Michael Brander’s Scottish & Border Battles & Ballads

scottish2Lahri Bond penned this review.

Scottish & Border Battles & Ballads is a mouthful, even for a Scot, and the concept is a little vague if you are impulse-buying this book. These are not ballads about the Scottish borders and battles but rather ballads specifically about battles fought in Scotland and its borders. The distinction is worth noting, for you will find none of the magical Border ballads about Tam Lin, Thomas the Rhymer or Michael Scott the wizard contained within.

What you will find is a very well-researched and expertly collected selection of ballads that chronicle the time between the Battle of Largs (1263) and the famous Battle of Culloden (1746). Chapters are skillfully arranged in order of historical setting, grouping well known and rarer ballads together, in some cases for the first time. Each chapter begins with a brief introduction to Scottish military and political history before introducing the lyrics, in many cases the musical notation, and sometimes even maps related to the events.

Detailed chapters are devoted to such colorful historic figures as William Dunbar, Johnnie Armstrong, Parcy Reed, Kinmont Willie and of course Bonnie Prince Charlie. Locations of great fame such as Otterburn, Bannockburn, Killicrankie and Falkirk are also celebrated. Since most of these ballads came down through Scotland’s rich oral tradition, the author provides lyrical and musical variants when important, as well as footnotes on lesser known Scottish terms or words written in the English/Scottish/Gaelic dialect known as broad Scots.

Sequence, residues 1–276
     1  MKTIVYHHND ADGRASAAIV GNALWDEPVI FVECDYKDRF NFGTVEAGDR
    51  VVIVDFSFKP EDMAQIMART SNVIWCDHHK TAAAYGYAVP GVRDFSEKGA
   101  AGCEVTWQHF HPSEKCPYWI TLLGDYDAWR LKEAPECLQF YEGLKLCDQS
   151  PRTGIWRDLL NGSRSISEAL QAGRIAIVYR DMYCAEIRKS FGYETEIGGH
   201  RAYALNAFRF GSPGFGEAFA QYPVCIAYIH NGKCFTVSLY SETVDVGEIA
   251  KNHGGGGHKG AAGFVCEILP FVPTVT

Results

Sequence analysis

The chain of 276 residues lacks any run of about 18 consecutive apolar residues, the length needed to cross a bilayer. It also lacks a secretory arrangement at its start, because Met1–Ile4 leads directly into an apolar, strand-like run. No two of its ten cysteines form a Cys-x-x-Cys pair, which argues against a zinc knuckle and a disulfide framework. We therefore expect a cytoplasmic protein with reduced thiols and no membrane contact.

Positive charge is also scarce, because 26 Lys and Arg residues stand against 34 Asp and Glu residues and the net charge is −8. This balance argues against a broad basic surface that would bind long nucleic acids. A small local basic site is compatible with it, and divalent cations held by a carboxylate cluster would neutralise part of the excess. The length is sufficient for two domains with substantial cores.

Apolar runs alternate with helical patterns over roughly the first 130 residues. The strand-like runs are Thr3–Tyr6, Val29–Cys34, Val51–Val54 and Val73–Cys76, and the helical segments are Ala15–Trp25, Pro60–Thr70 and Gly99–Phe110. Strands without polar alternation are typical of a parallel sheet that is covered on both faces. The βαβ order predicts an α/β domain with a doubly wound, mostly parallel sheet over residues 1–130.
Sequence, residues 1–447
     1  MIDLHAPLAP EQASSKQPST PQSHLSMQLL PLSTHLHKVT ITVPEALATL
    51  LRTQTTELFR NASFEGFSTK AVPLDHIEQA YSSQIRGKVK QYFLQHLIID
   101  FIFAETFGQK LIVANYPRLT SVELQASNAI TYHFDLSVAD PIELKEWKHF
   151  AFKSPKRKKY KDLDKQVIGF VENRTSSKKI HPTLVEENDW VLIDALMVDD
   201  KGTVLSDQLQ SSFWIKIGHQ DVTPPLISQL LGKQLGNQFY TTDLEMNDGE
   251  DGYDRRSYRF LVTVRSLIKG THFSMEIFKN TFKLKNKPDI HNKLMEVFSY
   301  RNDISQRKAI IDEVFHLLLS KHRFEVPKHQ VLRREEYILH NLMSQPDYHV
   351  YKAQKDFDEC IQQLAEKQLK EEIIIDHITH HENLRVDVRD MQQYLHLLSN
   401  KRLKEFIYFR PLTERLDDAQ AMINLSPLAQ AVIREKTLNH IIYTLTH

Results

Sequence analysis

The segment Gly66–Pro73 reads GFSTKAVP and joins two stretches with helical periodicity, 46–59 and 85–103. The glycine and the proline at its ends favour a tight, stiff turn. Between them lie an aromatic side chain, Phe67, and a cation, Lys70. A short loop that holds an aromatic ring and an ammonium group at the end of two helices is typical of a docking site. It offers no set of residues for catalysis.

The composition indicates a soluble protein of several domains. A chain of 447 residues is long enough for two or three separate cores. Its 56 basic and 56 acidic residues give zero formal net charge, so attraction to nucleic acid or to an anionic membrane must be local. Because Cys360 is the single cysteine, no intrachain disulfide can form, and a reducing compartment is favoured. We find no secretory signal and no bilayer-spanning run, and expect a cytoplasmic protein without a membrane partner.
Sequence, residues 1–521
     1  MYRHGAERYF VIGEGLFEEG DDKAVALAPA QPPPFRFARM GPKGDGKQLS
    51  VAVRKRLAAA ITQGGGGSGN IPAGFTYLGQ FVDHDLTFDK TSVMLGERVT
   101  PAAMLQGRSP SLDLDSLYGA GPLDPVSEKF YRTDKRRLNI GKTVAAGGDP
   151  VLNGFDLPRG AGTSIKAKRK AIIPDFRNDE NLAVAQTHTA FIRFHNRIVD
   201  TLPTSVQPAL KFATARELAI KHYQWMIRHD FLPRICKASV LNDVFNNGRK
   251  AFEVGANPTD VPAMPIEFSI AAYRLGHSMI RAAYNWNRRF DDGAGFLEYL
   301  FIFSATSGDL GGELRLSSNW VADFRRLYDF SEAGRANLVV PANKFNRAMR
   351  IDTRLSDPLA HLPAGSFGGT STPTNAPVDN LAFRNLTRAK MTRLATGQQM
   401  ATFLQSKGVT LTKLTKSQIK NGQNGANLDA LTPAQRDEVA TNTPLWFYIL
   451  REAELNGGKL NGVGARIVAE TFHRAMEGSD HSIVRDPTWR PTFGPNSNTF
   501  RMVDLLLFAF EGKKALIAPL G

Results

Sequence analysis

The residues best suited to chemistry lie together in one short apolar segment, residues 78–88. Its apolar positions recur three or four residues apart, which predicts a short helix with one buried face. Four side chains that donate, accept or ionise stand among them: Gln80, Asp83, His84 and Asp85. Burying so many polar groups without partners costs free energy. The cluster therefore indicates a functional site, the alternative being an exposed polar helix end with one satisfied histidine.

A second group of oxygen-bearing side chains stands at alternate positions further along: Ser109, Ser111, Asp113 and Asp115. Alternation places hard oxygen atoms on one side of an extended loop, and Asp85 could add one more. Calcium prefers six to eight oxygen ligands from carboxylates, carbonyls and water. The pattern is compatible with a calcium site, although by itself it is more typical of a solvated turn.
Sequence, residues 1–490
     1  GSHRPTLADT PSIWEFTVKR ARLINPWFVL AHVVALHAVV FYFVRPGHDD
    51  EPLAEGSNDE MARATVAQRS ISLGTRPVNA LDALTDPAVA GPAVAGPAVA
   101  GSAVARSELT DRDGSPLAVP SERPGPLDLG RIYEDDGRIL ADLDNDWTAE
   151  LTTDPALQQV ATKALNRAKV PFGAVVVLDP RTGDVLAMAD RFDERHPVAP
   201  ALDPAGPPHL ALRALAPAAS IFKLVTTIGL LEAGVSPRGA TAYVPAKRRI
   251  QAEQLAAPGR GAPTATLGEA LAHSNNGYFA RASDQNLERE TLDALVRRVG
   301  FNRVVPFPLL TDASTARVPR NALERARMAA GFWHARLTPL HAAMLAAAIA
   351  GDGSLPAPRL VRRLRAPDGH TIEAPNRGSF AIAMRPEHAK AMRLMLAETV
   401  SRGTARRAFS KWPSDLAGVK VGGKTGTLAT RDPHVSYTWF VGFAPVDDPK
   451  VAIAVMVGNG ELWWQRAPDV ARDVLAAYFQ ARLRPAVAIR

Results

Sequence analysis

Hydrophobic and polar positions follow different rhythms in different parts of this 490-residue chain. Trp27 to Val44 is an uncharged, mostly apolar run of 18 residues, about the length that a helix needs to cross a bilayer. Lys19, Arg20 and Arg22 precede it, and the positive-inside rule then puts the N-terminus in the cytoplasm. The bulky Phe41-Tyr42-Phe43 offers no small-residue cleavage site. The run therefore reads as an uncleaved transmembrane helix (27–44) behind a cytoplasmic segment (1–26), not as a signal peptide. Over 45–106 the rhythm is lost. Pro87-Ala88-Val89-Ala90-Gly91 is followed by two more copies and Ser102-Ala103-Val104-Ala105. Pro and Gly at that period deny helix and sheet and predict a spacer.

For those with even a passing interest in this part of Scotland’s political history, this is an excellent beginner’s volume, for in true Scottish tradition, the glories of the past are best told, not in dry academic terms, but by singing them proudly and lustily.

 (Clarkson N. Potter, 1975)

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